Santos is exploring potential liquefied natural gas (LNG) expansion developments for its Darwin export plant in northern Australia after signing a memorandum of understanding with Italy’s Eni.
Australia’s Santos and Italy’s Eni are investigating options to re-purpose the Bayu Undan facilities to extend the life of the project, including a carbon capture and storage (CCS) scheme.
Australia’s Santos has completed the sell-down of 25% interests in Bayu-Undan and Darwin LNG to South Korea’s SK E&S, which is also a partner in the recently sanctioned Barossa development.
Australia’s Santos plans to take a final investment decision (FID) on its proposed Moomba carbon capture and storage (CCS) project that it said would be among the largest in the world.
Santos is seeking buyers for a 20-30% stake in its large Dorado oil project and Bedout exploration portfolio offshore western Australia estimated to be worth up to $200 million. Significantly, there is expected to be global interest in the sales process, which could be particularly appealing for Asian national oil companies (NOCs).
UK-listed Advance Energy has successfully raised the capital to acquire a 50% stake in the Buffalo project off East Timor. Drilling at the redevelopment project later this year is targeting a potential oil bonanza.
Santos chief executive Kevin Gallagher, reportedly one of the top candidates to replace Peter Coleman as Woodside chief executive later this year, has been offered a one-off, A$6 million ($4.5 million) “growth projects incentive” to see through the delivery of major developments at the Australian company until 2025.
Rystad Energy estimates that Chevron, based on the gas reserves of its discovered fields in Australia, holds the top position in terms of non-producing assets, totalling 21 trillion cubic feet (Tcf), among the major upstream companies operating in the country.
Santos’ proposed offshore Barossa gas field development off Australia’s Northern Territory has the unfriendly tag of having more carbon dioxide than any gas currently made into liquefied natural gas (LNG), finds a new report from the Institute for Energy Economics and Financial Analysis (IEEFA).
Santos has approved final investment for its $3.6 billion Barossa gas and condensate project off Australia’s Northern Territory that is targeting production in 2025. The go-ahead marks the biggest investment in Australia’s oil and gas sector since 2012.
Australia’s Santos has awarded the biggest contract tied to its $3.6 billion Barossa liquefied natural gas (LNG) project in northern Australia that will backfill Darwin LNG. This offers a strong signal that a final approval for the scheme is imminent.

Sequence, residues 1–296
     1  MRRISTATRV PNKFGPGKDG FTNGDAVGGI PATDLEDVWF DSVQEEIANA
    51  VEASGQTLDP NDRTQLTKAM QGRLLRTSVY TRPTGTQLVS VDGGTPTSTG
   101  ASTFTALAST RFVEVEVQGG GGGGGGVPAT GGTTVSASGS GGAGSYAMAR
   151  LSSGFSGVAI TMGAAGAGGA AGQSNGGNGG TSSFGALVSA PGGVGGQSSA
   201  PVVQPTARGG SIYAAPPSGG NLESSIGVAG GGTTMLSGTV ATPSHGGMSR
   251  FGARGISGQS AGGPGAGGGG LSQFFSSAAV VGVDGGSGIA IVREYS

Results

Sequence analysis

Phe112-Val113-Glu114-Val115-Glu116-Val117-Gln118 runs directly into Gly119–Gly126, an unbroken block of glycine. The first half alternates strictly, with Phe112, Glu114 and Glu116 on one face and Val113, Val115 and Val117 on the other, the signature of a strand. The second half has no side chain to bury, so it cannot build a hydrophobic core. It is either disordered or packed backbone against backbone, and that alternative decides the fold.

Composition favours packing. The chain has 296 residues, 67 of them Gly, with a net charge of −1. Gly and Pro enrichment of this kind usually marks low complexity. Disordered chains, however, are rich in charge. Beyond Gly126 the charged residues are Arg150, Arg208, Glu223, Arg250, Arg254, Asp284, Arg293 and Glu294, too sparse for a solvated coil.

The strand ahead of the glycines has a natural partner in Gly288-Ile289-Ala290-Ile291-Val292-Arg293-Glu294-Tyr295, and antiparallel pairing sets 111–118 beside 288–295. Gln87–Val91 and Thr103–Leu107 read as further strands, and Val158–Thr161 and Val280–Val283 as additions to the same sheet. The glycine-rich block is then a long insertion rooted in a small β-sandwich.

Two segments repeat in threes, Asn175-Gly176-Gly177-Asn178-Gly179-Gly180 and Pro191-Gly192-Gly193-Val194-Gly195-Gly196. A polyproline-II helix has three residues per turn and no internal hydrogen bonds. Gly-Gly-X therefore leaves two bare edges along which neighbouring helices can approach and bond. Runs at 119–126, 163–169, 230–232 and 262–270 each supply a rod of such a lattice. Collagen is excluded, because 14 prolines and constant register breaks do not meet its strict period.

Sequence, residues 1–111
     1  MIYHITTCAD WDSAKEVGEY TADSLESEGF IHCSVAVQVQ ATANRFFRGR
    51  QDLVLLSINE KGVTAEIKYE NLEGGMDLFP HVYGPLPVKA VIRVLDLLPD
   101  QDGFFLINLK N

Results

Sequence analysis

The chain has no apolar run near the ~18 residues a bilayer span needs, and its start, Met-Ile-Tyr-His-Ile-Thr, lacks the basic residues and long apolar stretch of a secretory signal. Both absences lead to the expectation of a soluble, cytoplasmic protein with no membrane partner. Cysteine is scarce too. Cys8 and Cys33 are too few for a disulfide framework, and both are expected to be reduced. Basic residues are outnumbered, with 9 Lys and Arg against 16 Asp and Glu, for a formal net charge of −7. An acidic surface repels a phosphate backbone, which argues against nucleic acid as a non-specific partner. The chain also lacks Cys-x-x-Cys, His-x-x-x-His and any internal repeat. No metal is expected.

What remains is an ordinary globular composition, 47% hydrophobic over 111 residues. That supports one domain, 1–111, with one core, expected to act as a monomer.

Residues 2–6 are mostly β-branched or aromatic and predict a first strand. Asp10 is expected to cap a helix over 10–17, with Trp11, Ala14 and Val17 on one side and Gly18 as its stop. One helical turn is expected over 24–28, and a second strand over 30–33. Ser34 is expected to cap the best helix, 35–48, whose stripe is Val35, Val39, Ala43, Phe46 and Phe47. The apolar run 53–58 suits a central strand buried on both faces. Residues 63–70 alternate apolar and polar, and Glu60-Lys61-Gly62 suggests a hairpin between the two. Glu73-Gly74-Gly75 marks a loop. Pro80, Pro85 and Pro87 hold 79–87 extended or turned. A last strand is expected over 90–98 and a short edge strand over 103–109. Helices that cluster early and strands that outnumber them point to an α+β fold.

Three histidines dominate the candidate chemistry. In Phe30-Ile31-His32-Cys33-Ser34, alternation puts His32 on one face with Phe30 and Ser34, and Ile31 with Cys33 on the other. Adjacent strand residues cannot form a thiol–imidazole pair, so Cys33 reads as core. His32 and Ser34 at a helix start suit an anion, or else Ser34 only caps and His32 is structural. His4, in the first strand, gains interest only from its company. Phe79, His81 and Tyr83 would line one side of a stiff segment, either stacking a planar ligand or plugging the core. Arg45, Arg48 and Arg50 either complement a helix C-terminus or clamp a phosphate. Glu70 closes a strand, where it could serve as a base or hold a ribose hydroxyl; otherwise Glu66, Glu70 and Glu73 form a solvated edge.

More than A$50 billion ($40.5 billion) of necessary decommissioning work needs to be carried out on Australia’s offshore oil and gas infrastructure, over half of which must be started within the next ten years.
Santos said today that its largest shareholder had sold about one third of its stake worth A$785 million ($603.7 million) in the Australian gas producer. This ends a strategic relationship with ENN Group, which is one of the largest gas distributors in China.
Australia’s Santos today confirmed its Barossa liquefied natural gas (LNG) export project is on track for final investment approval during first half 2021 after reporting a net loss of $357 million for 2020.
New upstream oil and gas projects worth about $15 billion will be sanctioned in Australasia this year, according to Rystad Energy’s forecast, marking a huge boost compared to the $1.2 billion committed to new projects in 2020.
Santos has approved US$235 million worth of investment for an infill drilling campaign that will extend the life of the Bayu-Undan field offshore East Timor. As a result, the Santos-led Darwin LNG export plant, which is fed by the aging field, will not need to be shut down while new supplies of gas are developed.
The Santos-led Barossa LNG export project is on track for a final investment decision (FID) within six months after drastically cutting costs and securing a major Japanese buyer for some of Australia’s dirtiest LNG.
Despite offshore exploration spending hitting a new low, drilling activities are expected to ramp up, with BP’s exciting Ironbark-1 well targeting a potentially giant gas deposit off Western Australia and Santos probing an exciting shale formation in Northern Australia
East Timor may have a second chance to see its Greater Sunrise field developed this decade as Australia’s Santos considers extending the life of the country’s Bayu-Undan project, which feeds the Darwin LNG export plant in northern Australia.
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Australia is seeking to cut emissions in one of the world’s biggest per-capita polluters by encouraging oil firms including Chevron Corp. and Woodside Petroleum Ltd. to invest in carbon-reduction projects.
Demand destruction and sustained oil prices below $40 per barrel mean Asia Pacific is bracing itself for a brutal wave of cost cutting that will see its reliance on imports rise as upstream investment is hit hard.
Looming wave of final investment decisions (FIDs) will provide massive boost for offshore oilfield service sector in Southeast Asia
Southeast Asia and Australia are set to take centre stage in the region’s upstream M&A activity as private equity companies sense a value opportunity.
Santos Energy has set out a deal to buy Australian gas assets, in the Northern Territory (NT), from ConocoPhillips for $1.39 billion.